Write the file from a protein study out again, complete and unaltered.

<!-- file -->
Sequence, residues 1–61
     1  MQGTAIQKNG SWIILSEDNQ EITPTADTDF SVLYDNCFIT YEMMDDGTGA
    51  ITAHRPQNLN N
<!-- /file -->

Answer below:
Sequence, residues 1–61
     1  MQGTAIQKNG SWIILSEDNQ EITPTADTDF SVLYDNCFIT YEMMDDGTGA
    51  ITAHRPQNLN N